At the end of the day, we are the ones who are going to carry it out. We are the ones who have to juggle and manage how to implement the strategies offered into our lives realistically. I think we have to go back to the knowledge that we simply know our children better than anyone else. Do we listen to advice and heed the recommendations of the specialists involved with our kids? Of course, we do. Chances are, you probably don’t have a medical degree. You haven’t pursued a degree in every one of these specialties required to care for your child’s needs. But, here’s one credential you do have: You are your child’s greatest advocate. The one who will love your child like no one else. The one who was there in the beginning and who will be there till your end. The one who will never give up. And, you know what? That makes you the MOST qualified for this job. So, to the mom who feels like a failure today, you are so much more. There may be doctors who come and specialists that go. Teachers will change with each school year. But there is one constant that remains for all time: there will never be another YOU. There is no one else like their mom.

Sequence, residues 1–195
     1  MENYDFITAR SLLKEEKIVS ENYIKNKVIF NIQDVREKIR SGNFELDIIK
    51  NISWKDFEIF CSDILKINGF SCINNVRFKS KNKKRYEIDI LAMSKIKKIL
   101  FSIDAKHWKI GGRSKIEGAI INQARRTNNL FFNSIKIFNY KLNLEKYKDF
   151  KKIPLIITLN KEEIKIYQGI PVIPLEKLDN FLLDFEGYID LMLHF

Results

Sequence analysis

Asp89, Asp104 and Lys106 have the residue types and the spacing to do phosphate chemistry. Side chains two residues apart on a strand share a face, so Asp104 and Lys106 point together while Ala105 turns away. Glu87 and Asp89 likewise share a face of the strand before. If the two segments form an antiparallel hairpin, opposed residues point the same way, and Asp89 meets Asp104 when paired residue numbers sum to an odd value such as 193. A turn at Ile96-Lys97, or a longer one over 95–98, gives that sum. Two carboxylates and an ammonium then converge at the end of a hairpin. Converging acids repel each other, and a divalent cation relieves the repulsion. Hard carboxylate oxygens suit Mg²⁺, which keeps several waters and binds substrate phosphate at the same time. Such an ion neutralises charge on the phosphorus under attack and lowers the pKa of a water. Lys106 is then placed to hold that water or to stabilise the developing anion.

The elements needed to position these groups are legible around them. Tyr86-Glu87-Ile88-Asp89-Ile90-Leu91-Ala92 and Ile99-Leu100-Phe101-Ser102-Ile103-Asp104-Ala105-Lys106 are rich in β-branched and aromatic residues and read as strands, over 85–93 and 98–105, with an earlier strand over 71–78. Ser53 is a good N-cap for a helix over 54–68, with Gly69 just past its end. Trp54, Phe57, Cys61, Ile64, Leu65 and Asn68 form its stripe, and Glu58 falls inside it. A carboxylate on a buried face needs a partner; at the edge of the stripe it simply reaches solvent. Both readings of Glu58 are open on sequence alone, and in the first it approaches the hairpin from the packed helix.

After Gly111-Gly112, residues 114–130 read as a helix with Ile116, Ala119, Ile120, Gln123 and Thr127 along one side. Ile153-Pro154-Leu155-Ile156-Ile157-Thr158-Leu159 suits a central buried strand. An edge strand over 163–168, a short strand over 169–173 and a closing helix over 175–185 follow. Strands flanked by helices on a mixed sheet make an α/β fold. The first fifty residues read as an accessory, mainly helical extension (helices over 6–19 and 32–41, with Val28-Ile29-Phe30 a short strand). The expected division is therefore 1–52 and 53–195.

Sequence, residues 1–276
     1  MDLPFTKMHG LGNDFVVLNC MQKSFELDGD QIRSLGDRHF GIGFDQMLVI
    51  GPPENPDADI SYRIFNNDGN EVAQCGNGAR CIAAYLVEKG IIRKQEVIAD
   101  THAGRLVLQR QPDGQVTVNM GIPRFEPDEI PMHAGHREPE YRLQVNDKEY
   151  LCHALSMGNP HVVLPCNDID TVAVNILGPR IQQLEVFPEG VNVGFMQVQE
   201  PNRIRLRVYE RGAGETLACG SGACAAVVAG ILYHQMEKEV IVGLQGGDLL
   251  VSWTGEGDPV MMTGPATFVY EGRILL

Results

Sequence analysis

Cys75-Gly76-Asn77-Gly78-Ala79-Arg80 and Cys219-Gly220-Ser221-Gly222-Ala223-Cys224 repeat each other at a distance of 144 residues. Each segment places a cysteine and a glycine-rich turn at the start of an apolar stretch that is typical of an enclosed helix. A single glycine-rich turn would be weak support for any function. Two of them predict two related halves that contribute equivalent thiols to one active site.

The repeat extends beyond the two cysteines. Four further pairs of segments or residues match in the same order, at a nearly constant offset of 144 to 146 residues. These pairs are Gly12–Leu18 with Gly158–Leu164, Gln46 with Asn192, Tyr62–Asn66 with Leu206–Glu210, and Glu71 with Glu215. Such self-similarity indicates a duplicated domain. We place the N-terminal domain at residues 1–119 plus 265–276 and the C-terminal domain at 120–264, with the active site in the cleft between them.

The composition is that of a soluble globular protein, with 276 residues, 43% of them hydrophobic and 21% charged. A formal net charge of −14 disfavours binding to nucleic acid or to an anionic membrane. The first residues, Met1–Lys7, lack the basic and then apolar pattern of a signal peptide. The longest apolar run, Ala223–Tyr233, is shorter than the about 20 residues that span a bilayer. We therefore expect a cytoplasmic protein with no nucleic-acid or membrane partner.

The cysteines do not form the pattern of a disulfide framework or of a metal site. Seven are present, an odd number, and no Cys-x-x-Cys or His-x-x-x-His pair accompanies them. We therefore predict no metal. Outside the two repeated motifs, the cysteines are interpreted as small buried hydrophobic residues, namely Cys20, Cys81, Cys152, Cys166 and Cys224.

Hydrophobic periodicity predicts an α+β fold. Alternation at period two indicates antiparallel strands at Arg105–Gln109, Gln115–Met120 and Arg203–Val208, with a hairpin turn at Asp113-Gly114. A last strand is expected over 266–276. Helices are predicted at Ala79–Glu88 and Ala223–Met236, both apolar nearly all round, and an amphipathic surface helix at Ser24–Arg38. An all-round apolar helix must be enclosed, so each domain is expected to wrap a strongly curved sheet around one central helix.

“Let us not become weary in doing good, for at the proper time we will reap a harvest if we do not give up.” -Galatians 6:9